On August 1, 2015, a small ad appeared on the obituary page of the local newspaper — one last inspiring and classy note from Catherine Cater, a much beloved faculty member at North Dakota State University since the 1960s. “Dear Friends,” it said. “Please permit me to leave quietly, without ceremony or ado. I thank you for the diverse ways in which each of you has contributed to my happiness and well-being. You have stimulated my thinking, cared about my feelings, and allowed me to be myself. What more can one ask of a life? Thank you, Catherine Cater.”
I suspect she would not approve of my filling many pages of this issue with memories of her, and my counter argument to her would be that’s the very reason we want to remember you fondly.
You’ll see two short essays in this issue about Catherine Cater, and another online. Many tributes appeared in social media. One former student recalled her as a giant intellect and dear friend. Others wrote of becoming a better person for having met her.
She was a person who read the classics in the original Greek, and had all the intellectual ability that goes along with that. But when we met, she wanted to hear about my interests. At the time, I had just started running marathons, and you should have seen her eyes light up talking about something as unintellectual as that. I have an extra fond memory of the moment the word “marathon” escaped her, so she merrily referred to it as “the tournament” as if the tournament were the most entrancing thing to discuss at length that particular afternoon.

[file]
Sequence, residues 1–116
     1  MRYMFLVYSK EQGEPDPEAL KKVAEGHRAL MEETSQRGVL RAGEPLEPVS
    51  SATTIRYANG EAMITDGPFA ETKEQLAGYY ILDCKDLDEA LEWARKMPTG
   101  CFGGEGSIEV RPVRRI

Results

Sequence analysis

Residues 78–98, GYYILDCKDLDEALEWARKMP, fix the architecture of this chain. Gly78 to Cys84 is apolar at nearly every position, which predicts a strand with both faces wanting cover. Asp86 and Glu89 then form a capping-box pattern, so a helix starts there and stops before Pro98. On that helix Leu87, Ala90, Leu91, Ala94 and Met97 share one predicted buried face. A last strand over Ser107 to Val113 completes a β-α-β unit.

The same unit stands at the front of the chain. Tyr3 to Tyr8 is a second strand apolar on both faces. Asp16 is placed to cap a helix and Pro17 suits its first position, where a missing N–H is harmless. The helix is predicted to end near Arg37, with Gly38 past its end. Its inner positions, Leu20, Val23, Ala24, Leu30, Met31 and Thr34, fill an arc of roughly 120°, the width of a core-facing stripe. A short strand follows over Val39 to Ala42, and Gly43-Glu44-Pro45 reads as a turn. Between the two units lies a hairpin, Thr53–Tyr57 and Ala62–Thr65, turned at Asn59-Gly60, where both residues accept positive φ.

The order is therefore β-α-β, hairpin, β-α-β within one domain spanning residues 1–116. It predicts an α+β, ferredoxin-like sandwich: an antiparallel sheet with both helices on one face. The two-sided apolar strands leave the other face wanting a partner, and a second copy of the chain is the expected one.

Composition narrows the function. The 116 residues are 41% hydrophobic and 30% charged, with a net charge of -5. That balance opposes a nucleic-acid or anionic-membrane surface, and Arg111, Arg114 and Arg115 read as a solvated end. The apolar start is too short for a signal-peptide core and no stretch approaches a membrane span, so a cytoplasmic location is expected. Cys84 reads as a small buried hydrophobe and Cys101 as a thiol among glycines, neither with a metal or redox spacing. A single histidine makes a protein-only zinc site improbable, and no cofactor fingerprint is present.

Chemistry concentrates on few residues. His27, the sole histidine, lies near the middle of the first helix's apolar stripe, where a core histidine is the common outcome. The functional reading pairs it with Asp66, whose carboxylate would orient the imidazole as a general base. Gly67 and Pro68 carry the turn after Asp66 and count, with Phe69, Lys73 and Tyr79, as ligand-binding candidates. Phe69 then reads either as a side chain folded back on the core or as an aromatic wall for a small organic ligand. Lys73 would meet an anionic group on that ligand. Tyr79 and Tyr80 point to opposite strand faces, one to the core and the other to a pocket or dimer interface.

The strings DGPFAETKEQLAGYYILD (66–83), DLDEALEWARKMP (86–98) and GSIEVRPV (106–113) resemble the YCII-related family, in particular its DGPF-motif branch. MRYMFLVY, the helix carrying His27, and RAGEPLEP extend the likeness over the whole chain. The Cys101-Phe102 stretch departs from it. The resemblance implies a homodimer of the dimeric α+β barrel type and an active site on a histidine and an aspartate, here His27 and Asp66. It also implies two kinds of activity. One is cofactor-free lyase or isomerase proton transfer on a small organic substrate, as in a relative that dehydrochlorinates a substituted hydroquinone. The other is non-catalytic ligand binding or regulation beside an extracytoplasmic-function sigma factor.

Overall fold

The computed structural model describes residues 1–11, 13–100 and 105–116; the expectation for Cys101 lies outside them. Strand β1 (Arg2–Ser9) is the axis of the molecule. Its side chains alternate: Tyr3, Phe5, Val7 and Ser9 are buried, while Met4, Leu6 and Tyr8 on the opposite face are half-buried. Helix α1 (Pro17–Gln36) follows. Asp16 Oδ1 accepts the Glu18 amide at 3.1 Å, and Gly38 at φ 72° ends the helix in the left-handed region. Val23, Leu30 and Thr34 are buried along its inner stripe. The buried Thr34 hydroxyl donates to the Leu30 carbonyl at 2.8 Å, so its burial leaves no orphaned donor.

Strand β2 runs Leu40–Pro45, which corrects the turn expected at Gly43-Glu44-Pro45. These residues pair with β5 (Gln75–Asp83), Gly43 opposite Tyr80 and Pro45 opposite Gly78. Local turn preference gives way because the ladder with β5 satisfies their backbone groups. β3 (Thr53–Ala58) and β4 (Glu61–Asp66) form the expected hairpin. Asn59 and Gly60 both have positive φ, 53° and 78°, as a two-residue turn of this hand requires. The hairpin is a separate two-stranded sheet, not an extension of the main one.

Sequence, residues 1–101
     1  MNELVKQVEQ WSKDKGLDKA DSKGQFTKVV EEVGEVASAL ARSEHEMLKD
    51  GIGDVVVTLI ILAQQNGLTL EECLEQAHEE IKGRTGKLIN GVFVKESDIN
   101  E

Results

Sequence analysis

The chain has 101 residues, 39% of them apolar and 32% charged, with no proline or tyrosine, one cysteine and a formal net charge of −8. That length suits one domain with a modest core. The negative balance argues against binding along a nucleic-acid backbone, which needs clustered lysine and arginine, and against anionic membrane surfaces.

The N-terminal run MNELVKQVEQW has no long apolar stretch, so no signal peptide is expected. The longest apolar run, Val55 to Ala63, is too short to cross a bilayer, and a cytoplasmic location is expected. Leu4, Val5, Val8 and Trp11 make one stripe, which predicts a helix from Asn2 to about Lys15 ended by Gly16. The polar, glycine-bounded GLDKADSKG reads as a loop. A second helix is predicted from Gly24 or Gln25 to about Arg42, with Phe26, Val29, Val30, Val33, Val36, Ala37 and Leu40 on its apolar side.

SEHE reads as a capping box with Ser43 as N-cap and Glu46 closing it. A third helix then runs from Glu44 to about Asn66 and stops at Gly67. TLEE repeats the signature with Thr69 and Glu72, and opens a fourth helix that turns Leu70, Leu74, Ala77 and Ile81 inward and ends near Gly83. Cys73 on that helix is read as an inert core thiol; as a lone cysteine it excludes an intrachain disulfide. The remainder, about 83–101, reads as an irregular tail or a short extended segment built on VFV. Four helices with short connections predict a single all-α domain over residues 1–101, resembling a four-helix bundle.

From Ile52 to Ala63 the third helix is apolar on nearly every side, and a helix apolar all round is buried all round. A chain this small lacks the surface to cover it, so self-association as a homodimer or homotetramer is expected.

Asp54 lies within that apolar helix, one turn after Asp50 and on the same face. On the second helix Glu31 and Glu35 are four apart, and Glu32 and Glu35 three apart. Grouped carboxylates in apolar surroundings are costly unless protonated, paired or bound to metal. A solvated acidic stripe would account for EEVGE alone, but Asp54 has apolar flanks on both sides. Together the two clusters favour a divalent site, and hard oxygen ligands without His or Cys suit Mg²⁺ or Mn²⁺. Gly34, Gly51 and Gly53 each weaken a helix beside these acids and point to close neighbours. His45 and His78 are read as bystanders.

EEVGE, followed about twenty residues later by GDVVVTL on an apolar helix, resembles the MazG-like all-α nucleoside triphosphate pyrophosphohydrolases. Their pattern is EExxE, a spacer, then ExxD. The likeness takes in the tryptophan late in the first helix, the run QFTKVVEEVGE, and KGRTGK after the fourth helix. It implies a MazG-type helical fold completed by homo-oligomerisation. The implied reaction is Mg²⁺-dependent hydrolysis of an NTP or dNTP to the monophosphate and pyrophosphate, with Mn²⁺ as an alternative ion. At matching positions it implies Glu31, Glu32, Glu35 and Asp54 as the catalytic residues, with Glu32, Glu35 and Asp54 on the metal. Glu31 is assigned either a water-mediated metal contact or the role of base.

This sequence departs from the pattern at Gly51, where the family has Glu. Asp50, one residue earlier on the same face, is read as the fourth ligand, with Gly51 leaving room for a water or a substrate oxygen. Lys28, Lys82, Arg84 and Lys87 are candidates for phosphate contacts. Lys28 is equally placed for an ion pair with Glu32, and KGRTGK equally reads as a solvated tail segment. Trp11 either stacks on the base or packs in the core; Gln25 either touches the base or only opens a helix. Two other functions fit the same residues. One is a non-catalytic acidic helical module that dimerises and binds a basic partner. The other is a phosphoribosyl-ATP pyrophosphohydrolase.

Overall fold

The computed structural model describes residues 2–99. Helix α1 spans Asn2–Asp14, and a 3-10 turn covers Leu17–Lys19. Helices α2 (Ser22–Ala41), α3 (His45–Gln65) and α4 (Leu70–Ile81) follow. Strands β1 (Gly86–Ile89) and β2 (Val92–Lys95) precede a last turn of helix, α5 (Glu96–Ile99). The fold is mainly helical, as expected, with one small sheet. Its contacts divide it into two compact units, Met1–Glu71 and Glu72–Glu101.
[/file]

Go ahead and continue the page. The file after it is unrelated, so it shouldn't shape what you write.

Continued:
I once asked her to impart a bit of wisdom for the readers of this magazine, but she declined, saying that she didn’t really know what wisdom is. I’d say her last published words summarizing the best qualities of life — “You have stimulated my thinking, cared about my feelings, and allowed me to be myself” — are quite wise.
We are not all as gifted as she, but maybe we can keep her words in mind as we go about our daily lives. What could be better.